Patek Philippe Annual Calendar
Patek Philippe annual calendar watches have emerged as a true success story for the Genevan manufacturer. Designed to appeal to a whole new generation of watch enthusiasts, this exquisite collection of timepieces offers a more user-friendly and innovative alternative to traditional calendar wristwatches.
The History of Patek Philippe Annual Calendar Watches
First released in 1996, Patek Philippe annual calendar watches caused a real commotion amongst wristwatch enthusiasts. Alongside their numerous aesthetic and technical qualities, this innovative collection of timepieces offered a complication that was considered to be extremely easy to use. The first of these watches, the Reference 5035, managed to win Watch of the Year in 1997 and spawned an entirely new category of “useful” complications. Two years later, the brand released the first annual calendar with a moon phase indicator. Things went quiet when it came to production until 2004 when the Gondolo Calendario was launched. Given the Reference 5135, this timepiece was the first tonneau-shaped model that featured aperture display indicators.
Nine years after Patek Philippe annual calendar watches were first released, the watchmaker unveiled its replacement in the Reference 5146. This updated timepiece had a moonphase indicator instead of the 24-hour subdial, and also featured a power reserve indicator at 12 o’clock. That same year, the manufacturer released the Reference 4936G, the very first annual calendar designed for women. Another first for the brand followed in 2006, with the introduction of the Reference 5960P – the first self-winding fly-back chronograph with the annual calendar feature. Also in 2006 came the first of the collection to be displayed in a Calatrava case. This model, the Reference 5396R, also featured aperture display indicators.
In 2007, Patek Philippe revealed the Reference 5033, one of the most complicated annual calendar watches in the company’s entire inventory. Marking the first time a minute repeater featured in the collection, this timepiece boasted a lever on the casing’s left side that enables the time to be chimed on demand. That same year, the Reference 5235 was released, which was the first time a regular display appeared in the collection.
Over the years, Patek Philippe trialled many different ways to display the various indicators used in the annual calendar collection. The least intrusive of these was released in 2010 with the introduction of the Reference 5205. This particular timepiece featured the day, date and month at the top of the dial, with the large subdial at 6 o’clock carrying both the moonphase and 24-hour indications. Two years later, the first annual calendar version of the Nautilus was released.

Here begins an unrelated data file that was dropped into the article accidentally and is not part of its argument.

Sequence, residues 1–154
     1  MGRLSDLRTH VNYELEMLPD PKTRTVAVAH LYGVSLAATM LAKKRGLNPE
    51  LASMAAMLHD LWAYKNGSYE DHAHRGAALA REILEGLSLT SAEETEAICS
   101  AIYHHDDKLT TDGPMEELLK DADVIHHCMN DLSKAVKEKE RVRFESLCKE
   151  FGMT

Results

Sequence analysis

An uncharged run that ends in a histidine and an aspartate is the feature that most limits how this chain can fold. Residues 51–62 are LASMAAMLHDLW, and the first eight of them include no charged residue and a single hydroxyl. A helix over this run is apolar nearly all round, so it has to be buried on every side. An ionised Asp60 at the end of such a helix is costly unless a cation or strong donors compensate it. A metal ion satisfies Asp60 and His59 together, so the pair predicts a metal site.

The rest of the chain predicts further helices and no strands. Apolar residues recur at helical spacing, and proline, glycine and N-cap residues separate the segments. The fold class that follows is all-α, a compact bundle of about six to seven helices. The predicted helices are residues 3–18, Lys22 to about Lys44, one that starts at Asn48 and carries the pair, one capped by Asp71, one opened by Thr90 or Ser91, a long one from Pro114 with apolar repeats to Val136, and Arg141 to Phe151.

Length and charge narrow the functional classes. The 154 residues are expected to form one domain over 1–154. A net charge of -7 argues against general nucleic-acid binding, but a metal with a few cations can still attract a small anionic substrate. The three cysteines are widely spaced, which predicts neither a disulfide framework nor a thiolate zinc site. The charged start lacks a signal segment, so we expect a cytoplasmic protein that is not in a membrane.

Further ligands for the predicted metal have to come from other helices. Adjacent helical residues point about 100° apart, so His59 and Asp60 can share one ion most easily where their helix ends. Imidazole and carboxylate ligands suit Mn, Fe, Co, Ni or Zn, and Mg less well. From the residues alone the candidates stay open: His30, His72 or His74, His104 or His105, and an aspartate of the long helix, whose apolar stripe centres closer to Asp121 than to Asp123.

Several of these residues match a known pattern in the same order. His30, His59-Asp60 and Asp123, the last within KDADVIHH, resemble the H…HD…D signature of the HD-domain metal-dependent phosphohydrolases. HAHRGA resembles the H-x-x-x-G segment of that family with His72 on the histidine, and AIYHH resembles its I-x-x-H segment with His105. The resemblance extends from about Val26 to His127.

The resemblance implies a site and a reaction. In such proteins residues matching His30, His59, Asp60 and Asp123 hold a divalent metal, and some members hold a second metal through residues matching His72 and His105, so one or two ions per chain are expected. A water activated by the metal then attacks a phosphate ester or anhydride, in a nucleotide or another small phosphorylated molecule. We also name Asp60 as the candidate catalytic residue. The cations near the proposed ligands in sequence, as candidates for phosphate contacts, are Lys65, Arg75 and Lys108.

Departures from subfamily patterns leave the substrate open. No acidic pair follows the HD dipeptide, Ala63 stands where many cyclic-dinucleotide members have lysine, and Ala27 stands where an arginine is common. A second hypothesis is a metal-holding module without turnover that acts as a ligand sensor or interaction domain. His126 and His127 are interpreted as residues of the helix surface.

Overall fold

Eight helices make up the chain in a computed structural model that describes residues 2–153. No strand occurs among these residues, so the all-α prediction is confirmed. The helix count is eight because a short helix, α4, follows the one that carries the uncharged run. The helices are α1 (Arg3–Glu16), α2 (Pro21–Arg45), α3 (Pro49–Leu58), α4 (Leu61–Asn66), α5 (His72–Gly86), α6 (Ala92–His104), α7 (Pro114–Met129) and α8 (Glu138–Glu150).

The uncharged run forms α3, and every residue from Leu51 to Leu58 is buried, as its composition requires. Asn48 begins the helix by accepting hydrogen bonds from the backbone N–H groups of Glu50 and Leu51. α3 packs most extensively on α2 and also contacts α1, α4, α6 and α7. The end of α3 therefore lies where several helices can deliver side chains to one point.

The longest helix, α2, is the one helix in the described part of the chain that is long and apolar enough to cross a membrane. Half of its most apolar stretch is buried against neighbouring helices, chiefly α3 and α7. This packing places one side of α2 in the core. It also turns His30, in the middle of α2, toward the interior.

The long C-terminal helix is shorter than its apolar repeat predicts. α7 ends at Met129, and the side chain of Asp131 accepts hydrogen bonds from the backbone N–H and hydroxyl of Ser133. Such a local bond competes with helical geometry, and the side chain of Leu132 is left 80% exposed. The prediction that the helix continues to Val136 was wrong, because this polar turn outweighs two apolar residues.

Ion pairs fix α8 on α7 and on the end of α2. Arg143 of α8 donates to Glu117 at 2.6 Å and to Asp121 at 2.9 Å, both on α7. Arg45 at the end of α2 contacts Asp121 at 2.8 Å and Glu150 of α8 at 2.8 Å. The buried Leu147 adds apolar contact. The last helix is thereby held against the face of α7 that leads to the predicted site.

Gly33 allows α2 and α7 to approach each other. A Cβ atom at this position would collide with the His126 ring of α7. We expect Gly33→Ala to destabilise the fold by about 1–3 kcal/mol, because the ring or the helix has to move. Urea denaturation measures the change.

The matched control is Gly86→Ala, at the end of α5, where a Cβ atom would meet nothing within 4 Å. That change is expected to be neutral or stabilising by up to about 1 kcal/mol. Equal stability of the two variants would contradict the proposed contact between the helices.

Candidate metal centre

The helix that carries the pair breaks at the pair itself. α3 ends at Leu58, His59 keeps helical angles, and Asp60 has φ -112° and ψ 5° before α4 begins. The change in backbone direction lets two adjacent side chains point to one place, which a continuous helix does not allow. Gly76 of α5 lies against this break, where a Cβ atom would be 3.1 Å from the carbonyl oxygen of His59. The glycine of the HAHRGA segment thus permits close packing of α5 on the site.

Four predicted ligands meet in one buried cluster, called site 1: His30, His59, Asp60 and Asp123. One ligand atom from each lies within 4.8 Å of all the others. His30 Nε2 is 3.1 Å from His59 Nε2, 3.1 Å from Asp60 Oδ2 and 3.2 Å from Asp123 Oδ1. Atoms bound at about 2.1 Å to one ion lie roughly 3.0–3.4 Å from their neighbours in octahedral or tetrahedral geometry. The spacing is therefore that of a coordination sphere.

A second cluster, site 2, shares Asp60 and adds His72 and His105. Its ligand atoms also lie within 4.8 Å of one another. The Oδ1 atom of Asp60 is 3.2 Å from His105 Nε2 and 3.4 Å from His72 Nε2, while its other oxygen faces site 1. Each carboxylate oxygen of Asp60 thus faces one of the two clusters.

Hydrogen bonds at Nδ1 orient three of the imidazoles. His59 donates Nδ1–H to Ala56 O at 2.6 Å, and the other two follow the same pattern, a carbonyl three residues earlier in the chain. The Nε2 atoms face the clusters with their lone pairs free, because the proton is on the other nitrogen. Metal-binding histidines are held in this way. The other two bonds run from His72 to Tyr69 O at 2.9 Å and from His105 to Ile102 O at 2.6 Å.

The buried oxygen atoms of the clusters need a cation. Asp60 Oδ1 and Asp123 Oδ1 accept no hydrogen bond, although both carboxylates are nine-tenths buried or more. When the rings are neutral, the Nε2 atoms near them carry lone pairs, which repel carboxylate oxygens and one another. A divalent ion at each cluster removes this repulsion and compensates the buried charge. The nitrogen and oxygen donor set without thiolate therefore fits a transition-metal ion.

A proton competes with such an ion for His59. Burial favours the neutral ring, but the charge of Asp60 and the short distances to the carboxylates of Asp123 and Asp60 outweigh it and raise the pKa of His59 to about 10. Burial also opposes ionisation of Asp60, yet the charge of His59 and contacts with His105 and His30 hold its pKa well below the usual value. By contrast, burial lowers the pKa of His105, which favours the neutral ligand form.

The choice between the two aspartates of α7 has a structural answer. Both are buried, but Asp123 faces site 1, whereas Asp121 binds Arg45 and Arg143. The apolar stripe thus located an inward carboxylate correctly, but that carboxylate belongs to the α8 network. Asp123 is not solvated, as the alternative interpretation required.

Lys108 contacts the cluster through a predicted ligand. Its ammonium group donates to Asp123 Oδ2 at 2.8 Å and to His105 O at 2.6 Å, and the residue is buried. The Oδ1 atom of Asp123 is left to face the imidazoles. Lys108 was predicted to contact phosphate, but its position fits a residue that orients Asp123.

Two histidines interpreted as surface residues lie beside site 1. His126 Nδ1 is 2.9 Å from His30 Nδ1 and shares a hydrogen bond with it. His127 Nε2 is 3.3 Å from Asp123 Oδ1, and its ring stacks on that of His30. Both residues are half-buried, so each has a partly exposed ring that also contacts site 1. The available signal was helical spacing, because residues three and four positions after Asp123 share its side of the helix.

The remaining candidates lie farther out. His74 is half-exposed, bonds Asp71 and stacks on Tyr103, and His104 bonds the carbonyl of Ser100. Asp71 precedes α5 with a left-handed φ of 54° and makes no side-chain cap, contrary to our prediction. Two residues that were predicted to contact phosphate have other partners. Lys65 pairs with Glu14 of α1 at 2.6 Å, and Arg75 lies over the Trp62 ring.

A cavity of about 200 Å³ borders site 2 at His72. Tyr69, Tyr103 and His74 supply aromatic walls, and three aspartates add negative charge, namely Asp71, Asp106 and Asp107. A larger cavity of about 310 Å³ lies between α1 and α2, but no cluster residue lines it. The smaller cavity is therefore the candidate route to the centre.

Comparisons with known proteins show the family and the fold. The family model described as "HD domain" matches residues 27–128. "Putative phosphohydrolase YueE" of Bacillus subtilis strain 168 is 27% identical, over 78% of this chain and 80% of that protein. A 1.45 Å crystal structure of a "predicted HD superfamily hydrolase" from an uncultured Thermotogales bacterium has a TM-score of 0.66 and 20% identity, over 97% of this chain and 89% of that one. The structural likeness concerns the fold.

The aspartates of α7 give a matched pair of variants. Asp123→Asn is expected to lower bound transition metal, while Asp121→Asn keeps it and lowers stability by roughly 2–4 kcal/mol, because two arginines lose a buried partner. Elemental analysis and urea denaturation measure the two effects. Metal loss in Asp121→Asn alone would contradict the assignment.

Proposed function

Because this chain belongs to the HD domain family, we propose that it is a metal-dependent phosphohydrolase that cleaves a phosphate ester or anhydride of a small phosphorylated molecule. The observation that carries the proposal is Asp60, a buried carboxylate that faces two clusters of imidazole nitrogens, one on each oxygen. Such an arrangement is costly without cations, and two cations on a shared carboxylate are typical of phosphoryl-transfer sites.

For the 20th anniversary of the collection’s release, Patek Philippe unveiled the Reference 5396. This stunning wristwatch was both intended as a celebration of the significant milestone and the watch world overall. Unlike the very first iteration of the collection, this timepiece features a moonphase, day, date and month indications.
Limited Edition Collections
From 2005 to 2008, Patek Philippe annual calendar watches were also available in a limited edition collection, known as the Advance Research timepieces. This ground-breaking range debuted brand new innovations and were designed to focus exclusively on implying and developing new materials. It also further demonstrated the brand’s unwavering commitment to technological advancements in the world of luxury horology.
The first of these innovative timepieces was the Reference 5350, which was available in white gold. This 100-piece limited edition model introduced a revolutionary silicon-based escape wheel for a Swiss lever escapement, and was powered by the Calibre 315 S IRM QA LU S movement. A year later, the second of the Advance Research timepieces came in the form of the Reference 5350. Available in rose gold, this collection of 300 wristwatches used the new Spiromax balance spring and boasted the Calibre 324 self-winding movement.
Finally, the third member of the Advance Research family was released in 2008. This wristwatch was available in a limited run of 300 pieces and came in platinum. It was powered by a self-winding 324 S QA IRM LU calibre, featuring the new Pulsomax silicon-based escapement and a moon phase and power reserve indicator.
Patek Philippe annual calendar watches were the answer to a very specific question. In 1992, the president and owner of the brand challenged his watchmakers to create a timepiece that could bridge the gap between simple calendar functions and the mechanically elaborate and (for some) prohibitively expensive perpetual calendars. It took four years for the result of their endeavours to be made public.
These ingenious timepieces have emerged as some of Patek Philippe’s flagship models. Their complications indicate the dates for months of 30 and 31 days in length and only require one correction each year – from February 28th or 29th to March 1st. This lets them sit perfectly between the plain calendar (which needs to be adjusted five times per year) and the perpetual calendar that requires no adjustment whatsoever.
Aesthetically pleasing, these highly innovative timepieces are ideal for those who really enjoy wristwatches that push the boundaries. They stay true to Patek Philippe’s unwavering commitment to technological advancements and would be the perfect addition to anybody’s collection.